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Re: Defining the Web

From: Mark Nottingham <mnot@mnot.net>
Date: Mon, 25 Mar 2002 17:02:01 -0800
Cc: www-tag@w3.org
To: Tim Bray <tbray@textuality.com>
Message-Id: <14CDC052-4055-11D6-AF51-000A27836A68@mnot.net>

On Monday, March 25, 2002, at 04:35  PM, Tim Bray wrote:

> At 09:42 PM 21/03/02 -0500, Mark Baker wrote:
>> How about replacing that first paragraph with;
>>  The World Wide Web ("Web") is a networked information space which
>>  encompasses all things with identity ("resources").  Resources are
>>  made accessible, and potentially manipulable, via a generic interface
>>  whose application semantics are applicable to all resources.
> This flows nicely, but I agree that if it doesn't have a URI
> it's neither on nor of the web; so if that doesn't go in
> the intro it needs to be asserted pretty damn quick. -Tim

I fully agree with the first sentence.

Mark is alluding to REST in the second sentence; is it the case that 
everything that has identity is 'accessible ... via a generic interface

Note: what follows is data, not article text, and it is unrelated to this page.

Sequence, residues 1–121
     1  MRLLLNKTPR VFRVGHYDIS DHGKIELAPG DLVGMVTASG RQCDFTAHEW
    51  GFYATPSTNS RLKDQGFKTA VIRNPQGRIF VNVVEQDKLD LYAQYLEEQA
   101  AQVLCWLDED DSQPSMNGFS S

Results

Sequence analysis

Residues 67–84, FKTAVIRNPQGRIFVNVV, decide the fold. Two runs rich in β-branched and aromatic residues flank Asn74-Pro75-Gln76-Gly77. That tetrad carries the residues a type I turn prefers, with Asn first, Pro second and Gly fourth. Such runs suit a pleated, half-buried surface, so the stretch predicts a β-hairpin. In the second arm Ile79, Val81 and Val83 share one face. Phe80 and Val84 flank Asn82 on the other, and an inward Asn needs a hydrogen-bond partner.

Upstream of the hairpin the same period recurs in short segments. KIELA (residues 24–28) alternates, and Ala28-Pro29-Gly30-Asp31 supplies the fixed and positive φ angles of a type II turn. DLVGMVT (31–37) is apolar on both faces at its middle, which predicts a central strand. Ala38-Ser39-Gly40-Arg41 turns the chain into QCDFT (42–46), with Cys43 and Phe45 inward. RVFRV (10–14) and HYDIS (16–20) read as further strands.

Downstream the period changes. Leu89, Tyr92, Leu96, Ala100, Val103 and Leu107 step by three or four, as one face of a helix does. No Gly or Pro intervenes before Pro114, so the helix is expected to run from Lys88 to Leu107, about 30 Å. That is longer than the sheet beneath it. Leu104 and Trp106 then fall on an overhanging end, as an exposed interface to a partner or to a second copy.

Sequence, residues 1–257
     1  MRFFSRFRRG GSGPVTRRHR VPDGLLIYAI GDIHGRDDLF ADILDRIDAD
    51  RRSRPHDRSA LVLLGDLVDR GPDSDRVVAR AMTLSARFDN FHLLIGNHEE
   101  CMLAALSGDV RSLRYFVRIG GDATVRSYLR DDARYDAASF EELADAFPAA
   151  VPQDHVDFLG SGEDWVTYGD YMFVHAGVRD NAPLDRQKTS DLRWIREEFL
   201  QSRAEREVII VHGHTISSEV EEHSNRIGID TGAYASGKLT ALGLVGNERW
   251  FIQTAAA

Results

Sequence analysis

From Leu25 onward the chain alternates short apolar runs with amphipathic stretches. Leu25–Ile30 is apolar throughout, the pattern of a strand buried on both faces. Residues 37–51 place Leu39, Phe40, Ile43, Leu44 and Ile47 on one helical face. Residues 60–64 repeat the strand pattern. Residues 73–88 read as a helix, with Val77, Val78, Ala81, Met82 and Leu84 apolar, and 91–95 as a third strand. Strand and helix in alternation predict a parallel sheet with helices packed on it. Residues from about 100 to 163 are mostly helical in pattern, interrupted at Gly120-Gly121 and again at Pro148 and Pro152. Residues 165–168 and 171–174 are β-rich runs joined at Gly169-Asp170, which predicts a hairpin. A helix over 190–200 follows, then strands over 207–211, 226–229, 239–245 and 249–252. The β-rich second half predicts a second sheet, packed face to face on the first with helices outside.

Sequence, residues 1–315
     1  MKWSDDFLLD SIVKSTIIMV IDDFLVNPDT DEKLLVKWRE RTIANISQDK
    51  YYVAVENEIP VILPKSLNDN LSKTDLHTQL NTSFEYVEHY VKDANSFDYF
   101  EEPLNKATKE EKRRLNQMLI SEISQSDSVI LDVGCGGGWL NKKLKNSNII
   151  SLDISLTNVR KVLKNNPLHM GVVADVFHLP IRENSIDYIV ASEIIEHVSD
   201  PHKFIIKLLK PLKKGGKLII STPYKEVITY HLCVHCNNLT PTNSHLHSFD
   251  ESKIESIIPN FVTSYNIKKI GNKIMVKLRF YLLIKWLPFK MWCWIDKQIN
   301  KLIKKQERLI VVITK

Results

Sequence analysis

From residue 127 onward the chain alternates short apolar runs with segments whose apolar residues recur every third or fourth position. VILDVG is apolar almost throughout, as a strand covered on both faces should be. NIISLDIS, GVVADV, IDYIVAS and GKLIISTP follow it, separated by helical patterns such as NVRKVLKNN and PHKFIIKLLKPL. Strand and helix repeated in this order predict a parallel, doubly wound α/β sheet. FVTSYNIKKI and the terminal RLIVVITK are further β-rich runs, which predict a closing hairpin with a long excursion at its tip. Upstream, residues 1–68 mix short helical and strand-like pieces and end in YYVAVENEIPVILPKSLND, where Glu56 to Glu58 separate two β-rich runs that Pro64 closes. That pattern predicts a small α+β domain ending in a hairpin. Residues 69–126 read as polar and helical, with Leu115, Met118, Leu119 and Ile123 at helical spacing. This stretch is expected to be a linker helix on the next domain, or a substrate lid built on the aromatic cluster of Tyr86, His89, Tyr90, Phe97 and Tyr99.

whose application semantics are applicable to all resources?' I.e., is 
the TAG comfortable saying that there a mapping of REST to every 
conceivable protocol that can be used to access a resource? E.g., 
mailto? (note that I didn't ask if it's possible; it would be good to 
avoid the fifteen rounds of arguments that would result from that 
question ;)

Also, if the second sentence stays, I'd suggest something like;

   Resources can be made accessible, and potentially manipulatable, on
   the Web via a generic interface ...

This avoids implying that all resources (and therefore all things with 
identity) are on the Web.

Mark Nottingham
Received on Monday, 25 March 2002 20:02:04 UTC

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